Romney said in Des Moines that he stood by former New Hampshire Gov. John Sununu, who described Gingrich on Thursday as "self-serving" and "anti-conservative" for criticizing a Medicare provision in House Budget Chairman Paul Ryan's budget.
"I fully support John Sununu," Romney said when asked about the comments during a meeting with the Des Moines Register's editorial board. The former Massachusetts governor poked at Gingrich's statements about mining on the moon and lighting streets with mirrors from space. He noted differences on immigration and environmental policy.
But Romney also hinted at their larger career differences, a theme that could come up during Saturday's nationally televised debate in Des Moines and in television ads before the Jan. 3 caucuses.
It was Romney's most thorough critique of Gingrich since the former Georgia congressman leaped past him to the top of national GOP preference polls and to the top of surveys in Iowa.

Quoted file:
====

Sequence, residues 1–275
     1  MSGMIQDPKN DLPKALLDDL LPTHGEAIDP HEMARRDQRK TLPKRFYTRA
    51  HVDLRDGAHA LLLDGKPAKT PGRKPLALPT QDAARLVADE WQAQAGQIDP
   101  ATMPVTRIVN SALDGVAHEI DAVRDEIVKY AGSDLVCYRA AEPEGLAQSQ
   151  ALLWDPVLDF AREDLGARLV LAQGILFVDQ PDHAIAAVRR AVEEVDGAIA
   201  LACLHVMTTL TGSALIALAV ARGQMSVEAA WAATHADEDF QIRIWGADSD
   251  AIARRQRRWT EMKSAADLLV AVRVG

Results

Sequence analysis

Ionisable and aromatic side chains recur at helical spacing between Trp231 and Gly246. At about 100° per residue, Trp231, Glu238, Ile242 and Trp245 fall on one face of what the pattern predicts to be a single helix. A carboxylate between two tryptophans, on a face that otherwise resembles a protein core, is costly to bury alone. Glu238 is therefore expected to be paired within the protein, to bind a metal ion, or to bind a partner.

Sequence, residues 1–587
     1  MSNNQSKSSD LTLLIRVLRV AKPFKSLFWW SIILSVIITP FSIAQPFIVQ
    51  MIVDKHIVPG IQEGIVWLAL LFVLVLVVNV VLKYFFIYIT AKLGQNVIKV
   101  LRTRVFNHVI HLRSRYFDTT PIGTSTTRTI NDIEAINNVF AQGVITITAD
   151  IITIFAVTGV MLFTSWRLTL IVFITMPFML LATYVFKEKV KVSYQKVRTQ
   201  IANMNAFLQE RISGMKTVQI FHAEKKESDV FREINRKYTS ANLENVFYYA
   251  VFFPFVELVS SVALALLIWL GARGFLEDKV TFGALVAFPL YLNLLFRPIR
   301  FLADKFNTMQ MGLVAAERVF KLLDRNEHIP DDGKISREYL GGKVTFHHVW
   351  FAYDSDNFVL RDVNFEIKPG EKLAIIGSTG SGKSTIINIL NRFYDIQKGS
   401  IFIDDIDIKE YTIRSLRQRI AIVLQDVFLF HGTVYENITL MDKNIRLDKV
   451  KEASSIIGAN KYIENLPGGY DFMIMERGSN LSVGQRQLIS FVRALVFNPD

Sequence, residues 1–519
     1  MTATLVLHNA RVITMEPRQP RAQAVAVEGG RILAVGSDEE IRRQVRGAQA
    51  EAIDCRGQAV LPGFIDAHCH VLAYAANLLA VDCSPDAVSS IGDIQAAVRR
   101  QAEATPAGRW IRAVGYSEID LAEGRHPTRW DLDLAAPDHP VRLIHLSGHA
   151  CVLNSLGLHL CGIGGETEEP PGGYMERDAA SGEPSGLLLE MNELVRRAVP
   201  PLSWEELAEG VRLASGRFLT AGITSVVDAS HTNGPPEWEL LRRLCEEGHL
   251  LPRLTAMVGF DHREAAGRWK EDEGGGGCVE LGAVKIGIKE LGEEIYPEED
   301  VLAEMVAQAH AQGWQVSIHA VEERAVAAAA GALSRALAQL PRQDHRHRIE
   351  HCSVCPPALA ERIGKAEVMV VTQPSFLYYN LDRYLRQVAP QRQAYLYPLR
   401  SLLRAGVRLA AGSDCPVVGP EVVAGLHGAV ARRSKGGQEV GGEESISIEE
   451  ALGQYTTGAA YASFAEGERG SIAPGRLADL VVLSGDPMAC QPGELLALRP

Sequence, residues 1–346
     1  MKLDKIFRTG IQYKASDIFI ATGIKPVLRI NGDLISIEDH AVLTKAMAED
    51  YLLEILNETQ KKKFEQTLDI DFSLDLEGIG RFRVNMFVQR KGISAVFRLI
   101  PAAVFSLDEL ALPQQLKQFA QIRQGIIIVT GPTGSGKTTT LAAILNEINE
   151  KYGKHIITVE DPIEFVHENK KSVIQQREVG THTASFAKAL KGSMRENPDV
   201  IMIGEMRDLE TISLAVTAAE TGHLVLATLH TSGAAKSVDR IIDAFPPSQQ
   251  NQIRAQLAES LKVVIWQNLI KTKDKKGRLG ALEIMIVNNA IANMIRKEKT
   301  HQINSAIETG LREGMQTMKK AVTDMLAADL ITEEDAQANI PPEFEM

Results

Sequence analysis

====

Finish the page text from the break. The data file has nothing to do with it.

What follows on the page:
Gingrich's top backers in Iowa attributed Romney's comments to worry that Gingrich could beat him and weaken his chances of winning in the must-win New Hampshire primary, which comes a week later.
"What we're seeing from Mitt Romney in Boston is desperation and panic, and I think that's going to be very frustrating to people moving forward," said Iowa State Rep. Linda Upmeyer, Gingrich's Iowa campaign chairwoman. "That isn't what wins you caucuses or elections here in Iowa."
The back-and-forth was the latest in a quickly intensifying two-candidate race for the nomination.
On Friday, the Romney campaign released an Internet video criticizing Gingrich for his statements about the Ryan plan and quoting conservative pundits who questioned Gingrich's discipline. The campaign also released a list of statements from congressional and statehouse leaders from around the country saying Gingrich has been a poor leader.
As if on cue, comments Gingrich made about the Palestinian people that challenge U.S. policy emerged.
"We've had an invented Palestinian people, who are in fact Arabs and were historically part of the Arab community," Gingrich said in an interview recorded this week with the Jewish Channel. "And for a variety of political reasons we have sustained this war with Israel since the 1940s. And I think it's tragic."